Christos Kalloniatis

University of the Aegean

Dr. Christos Kalloniatis obtained a Ph.D. in Privacy Requirements Engineering from the Department of Cultural Technology and Communication, University of the Aegean, Greece, a master’s degree in Computer Science from the University of Essex, England, and a bachelor’s degree in Computer Science from the Department of Informatics, Technological Institute of Athens (now the University of West Attica). He is an associate professor and head of the Department of Cultural Technology and Communication, University of the Aegean, and director of the Privacy Engineering and Social Informatics (PrivaSI) research laboratory. He is a former member of the board of the Hellenic Authority for Communication Security and Privacy. His main research interests are the elicitation, analysis, and modelling of security and privacy requirements in traditional and cloud-based systems, the analysis and modelling of forensic-enabled systems and services, privacy-enhancing technologies, and the design of information system security and privacy in cultural informatics. He has published several refereed papers in international scientific journals and conferences and has served as a visiting professor in many European institutions. Prior to his academic career, he served at various places in the Greek public sector including the North Aegean Region and Ministry of Interior, Decentralisation and e-Governance. He has a close collaboration with the Laboratory of Information & Communication Systems Security, University of the Aegean, and the Systems Security Laboratory, University of Piraeus, Greece. Dr. Kalloniatis has served as a member of various development and research projects.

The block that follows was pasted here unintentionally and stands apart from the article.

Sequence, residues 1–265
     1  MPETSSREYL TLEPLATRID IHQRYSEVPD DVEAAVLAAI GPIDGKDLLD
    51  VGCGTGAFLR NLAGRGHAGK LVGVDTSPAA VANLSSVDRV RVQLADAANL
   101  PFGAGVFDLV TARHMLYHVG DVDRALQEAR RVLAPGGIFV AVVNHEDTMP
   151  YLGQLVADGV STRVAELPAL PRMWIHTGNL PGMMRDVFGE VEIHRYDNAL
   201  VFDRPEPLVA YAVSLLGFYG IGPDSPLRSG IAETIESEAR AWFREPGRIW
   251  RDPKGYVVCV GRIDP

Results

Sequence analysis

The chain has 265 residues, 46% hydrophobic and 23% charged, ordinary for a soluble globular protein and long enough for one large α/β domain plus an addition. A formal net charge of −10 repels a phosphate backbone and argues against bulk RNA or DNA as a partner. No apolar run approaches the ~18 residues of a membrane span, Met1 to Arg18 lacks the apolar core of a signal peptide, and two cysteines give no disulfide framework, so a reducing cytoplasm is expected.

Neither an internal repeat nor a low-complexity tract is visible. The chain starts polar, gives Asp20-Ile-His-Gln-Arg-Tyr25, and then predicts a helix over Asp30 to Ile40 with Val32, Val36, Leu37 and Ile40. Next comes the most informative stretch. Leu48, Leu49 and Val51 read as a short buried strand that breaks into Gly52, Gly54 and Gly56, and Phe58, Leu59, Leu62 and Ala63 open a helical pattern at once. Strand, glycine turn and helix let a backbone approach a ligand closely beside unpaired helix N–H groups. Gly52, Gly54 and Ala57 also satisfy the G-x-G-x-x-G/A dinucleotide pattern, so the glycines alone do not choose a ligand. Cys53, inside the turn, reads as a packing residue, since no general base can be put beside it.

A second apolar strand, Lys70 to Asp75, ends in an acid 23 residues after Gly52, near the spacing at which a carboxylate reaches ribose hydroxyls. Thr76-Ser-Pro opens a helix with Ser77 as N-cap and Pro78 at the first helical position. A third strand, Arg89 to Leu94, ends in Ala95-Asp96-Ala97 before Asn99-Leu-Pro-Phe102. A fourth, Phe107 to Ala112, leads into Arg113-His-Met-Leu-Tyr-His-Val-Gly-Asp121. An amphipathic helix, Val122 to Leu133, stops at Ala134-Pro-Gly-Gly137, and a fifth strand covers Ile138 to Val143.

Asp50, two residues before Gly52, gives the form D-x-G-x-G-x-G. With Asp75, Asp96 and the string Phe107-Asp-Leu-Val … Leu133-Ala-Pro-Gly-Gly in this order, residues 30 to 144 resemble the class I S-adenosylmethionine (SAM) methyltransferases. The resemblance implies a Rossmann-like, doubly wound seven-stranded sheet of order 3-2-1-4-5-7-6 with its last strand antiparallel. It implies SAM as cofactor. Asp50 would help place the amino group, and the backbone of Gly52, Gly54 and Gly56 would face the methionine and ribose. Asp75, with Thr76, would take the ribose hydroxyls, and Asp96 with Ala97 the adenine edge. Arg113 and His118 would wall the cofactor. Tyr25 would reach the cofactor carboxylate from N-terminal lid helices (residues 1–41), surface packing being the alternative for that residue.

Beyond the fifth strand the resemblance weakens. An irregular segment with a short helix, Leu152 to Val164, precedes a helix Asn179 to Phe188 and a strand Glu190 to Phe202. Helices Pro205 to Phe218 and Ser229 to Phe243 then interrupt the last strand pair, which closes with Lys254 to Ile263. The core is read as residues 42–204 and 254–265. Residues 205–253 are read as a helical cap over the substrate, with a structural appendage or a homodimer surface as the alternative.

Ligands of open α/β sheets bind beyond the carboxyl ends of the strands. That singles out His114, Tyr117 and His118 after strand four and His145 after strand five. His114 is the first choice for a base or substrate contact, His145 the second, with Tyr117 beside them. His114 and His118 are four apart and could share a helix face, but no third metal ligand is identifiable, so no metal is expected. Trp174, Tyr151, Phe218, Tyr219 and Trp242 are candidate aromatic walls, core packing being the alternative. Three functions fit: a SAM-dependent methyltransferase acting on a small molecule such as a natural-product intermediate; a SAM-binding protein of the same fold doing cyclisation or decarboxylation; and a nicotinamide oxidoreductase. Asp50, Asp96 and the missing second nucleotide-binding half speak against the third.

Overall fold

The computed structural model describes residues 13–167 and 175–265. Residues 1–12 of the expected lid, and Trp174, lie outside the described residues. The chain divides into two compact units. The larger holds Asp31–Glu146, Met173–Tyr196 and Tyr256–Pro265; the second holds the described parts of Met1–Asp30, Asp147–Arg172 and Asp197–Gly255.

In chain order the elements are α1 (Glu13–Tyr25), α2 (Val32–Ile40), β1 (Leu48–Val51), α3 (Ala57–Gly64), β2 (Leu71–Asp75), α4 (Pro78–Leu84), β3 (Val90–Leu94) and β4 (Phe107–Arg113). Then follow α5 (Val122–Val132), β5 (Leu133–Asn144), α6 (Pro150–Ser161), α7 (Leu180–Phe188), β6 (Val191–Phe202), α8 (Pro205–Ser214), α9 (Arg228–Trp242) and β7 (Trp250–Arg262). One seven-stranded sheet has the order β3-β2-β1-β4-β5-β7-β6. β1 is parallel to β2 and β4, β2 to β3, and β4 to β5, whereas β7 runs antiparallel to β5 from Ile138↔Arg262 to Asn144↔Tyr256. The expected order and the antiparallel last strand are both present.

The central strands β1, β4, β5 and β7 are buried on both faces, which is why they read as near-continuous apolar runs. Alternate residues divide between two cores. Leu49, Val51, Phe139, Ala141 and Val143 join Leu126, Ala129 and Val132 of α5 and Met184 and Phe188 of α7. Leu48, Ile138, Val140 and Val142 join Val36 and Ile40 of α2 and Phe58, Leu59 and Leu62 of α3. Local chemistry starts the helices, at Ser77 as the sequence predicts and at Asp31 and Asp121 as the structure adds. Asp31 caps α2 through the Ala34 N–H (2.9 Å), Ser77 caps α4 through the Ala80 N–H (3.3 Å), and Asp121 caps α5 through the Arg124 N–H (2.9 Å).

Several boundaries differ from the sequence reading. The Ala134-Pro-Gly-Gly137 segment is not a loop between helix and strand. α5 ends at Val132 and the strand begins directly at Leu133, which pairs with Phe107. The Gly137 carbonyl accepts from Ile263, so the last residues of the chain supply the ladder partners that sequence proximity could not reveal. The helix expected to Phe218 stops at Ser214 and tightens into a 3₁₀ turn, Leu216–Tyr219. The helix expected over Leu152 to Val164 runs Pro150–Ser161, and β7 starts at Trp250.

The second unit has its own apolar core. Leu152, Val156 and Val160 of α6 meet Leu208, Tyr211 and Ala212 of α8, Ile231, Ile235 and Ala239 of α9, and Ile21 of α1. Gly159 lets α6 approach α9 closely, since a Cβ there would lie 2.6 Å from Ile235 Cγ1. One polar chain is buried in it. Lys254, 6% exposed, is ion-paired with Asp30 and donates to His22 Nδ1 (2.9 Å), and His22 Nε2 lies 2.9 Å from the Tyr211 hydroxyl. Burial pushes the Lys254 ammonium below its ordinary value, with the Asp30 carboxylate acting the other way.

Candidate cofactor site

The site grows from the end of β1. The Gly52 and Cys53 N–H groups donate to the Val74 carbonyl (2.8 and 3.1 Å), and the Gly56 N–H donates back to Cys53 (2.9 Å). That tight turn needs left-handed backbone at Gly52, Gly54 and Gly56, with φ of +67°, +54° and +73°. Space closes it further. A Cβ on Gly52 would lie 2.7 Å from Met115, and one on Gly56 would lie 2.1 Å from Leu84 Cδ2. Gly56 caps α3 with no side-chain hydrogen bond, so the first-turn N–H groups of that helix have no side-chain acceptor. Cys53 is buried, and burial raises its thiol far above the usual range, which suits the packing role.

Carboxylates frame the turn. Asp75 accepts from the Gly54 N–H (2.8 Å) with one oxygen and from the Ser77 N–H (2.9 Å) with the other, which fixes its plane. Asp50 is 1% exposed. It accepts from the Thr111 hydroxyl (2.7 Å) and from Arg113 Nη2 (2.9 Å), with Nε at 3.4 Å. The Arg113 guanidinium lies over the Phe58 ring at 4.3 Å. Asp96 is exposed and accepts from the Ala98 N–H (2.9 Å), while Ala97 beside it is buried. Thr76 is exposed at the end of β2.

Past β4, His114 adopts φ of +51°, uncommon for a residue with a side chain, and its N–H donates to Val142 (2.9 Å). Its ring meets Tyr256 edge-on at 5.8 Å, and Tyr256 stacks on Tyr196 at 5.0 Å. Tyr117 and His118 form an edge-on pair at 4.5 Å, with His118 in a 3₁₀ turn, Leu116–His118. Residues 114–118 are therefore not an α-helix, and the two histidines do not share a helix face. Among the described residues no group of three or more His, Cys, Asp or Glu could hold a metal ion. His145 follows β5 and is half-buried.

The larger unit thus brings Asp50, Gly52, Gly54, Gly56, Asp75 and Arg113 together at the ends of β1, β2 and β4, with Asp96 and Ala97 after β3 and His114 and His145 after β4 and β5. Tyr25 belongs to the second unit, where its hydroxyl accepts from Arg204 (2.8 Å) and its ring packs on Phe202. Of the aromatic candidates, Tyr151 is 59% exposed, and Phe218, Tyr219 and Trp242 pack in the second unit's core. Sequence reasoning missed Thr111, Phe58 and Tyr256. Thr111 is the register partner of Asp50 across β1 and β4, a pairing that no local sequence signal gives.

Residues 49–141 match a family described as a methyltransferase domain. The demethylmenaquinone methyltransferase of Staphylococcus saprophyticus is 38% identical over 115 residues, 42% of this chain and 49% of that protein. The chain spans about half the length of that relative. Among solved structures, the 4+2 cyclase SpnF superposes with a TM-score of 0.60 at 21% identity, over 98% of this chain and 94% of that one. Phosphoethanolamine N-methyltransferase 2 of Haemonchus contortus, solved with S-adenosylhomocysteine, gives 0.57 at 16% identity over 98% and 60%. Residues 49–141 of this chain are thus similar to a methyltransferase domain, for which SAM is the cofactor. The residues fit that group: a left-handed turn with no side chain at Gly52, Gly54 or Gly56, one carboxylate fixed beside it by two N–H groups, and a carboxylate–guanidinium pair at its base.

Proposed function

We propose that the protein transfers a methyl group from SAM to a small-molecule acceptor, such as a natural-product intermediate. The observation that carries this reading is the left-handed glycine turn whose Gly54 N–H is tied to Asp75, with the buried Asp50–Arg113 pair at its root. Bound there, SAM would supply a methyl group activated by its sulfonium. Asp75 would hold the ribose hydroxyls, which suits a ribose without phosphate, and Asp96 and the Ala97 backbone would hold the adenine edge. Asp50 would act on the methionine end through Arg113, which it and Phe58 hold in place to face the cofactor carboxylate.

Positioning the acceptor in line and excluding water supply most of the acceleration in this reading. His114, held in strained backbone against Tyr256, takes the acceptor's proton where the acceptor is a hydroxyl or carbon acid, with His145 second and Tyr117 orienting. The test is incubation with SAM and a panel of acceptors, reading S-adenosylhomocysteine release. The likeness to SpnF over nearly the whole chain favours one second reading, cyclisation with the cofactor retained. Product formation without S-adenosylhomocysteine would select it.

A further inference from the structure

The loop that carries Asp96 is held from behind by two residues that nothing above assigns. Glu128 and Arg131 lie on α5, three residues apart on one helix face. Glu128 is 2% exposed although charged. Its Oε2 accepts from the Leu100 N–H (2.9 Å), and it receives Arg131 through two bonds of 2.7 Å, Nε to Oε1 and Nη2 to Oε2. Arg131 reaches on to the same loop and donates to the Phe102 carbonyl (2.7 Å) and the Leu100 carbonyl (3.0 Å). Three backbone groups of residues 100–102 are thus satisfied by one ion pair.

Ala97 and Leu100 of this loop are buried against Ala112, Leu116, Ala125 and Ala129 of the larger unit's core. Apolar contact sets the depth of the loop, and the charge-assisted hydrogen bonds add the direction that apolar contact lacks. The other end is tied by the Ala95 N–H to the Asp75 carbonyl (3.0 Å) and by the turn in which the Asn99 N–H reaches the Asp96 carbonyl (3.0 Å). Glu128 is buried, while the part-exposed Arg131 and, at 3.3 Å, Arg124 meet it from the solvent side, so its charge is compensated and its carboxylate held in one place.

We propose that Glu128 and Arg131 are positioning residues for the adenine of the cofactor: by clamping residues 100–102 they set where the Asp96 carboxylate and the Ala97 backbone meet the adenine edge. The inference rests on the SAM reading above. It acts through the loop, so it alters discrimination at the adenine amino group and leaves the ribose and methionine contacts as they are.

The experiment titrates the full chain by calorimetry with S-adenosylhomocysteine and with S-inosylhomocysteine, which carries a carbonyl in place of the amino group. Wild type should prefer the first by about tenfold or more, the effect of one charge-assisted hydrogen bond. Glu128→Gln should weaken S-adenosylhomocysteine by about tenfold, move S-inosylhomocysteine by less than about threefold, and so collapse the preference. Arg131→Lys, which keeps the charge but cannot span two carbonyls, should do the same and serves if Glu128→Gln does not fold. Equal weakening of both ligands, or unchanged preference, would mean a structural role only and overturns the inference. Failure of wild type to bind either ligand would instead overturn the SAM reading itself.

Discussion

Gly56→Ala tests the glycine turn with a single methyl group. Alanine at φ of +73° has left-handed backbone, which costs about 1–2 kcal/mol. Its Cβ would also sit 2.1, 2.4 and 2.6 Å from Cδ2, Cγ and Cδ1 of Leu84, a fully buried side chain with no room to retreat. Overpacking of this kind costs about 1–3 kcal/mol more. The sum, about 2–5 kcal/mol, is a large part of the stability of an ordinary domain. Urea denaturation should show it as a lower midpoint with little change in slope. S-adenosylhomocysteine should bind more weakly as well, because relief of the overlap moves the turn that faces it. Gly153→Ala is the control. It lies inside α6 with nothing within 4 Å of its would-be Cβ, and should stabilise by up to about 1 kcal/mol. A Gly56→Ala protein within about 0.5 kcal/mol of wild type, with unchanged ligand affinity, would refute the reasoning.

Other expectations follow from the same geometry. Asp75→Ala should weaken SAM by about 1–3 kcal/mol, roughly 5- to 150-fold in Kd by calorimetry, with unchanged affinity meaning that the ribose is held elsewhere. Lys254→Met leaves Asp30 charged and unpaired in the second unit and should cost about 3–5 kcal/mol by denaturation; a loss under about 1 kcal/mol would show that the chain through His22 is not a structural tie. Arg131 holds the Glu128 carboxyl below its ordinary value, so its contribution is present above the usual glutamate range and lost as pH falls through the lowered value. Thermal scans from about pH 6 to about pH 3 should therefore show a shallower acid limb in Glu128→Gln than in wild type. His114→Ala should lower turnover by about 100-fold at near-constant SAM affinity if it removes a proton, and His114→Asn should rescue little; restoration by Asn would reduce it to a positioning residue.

5books edited

2chapters authored

Latest work with IntechOpen by Christos Kalloniatis

Increasing user awareness in various information and communication technology (ICT) activities is one of the most challenging tasks for organizations. One popular way to engage users in various domains is gamification, which is the use of game elements and digital game design techniques in non-game applications. By using game elements, applications become more attractive and provide benefits such as increased user activity and sociability, quality, and productivity of actions. Gamification is introduced in various stages of the software development lifecycle starting with the first phase of eliciting requirements to the final phases of testing and evaluation of the system to be. In parallel, the introduction of game elements in non-games raises a number of security and privacy issues. This book presents innovative research efforts and technical solutions related to gamification and improving user engagement in all stages of the development process.

Go to the book